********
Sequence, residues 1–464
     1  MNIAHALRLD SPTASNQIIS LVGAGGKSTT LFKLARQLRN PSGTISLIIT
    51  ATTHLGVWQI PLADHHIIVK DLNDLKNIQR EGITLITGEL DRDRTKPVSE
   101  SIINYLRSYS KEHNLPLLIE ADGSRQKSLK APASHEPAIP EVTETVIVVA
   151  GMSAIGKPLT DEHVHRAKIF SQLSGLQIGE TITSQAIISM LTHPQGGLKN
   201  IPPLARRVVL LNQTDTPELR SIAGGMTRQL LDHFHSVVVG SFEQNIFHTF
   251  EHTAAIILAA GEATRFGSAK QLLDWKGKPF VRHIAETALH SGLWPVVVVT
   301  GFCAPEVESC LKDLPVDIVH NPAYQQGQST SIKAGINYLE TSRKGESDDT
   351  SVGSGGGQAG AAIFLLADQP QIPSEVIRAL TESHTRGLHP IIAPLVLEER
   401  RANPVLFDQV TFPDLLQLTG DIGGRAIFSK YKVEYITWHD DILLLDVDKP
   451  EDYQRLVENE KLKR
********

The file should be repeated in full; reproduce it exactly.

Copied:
Sequence, residues 1–464
     1  MNIAHALRLD SPTASNQIIS LVGAGGKSTT LFKLARQLRN PSGTISLIIT
    51  ATTHLGVWQI PLADHHIIVK DLNDLKNIQR EGITLITGEL DRDRTKPVSE
   101  SIINYLRSYS KEHNLPLLIE ADGSRQKSLK APASHEPAIP EVTETVIVVA
   151  GMSAIGKPLT DEHVHRAKIF SQLSGLQIGE TITSQAIISM LTHPQGGLKN
   201  IPPLARRVVL LNQTDTPELR SIAGGMTRQL LDHFHSVVVG SFEQNIFHTF
   251  EHTAAIILAA GEATRFGSAK QLLDWKGKPF VRHIAETALH SGLWPVVVVT
   301  GFCAPEVESC LKDLPVDIVH NPAYQQGQST SIKAGINYLE TSRKGESDDT
   351  SVGSGGGQAG AAIFLLADQP QIPSEVIRAL TESHTRGLHP IIAPLVLEER
   401  RANPVLFDQV TFPDLLQLTG DIGGRAIFSK YKVEYITWHD DILLLDVDKP
   451  EDYQRLVENE KLKR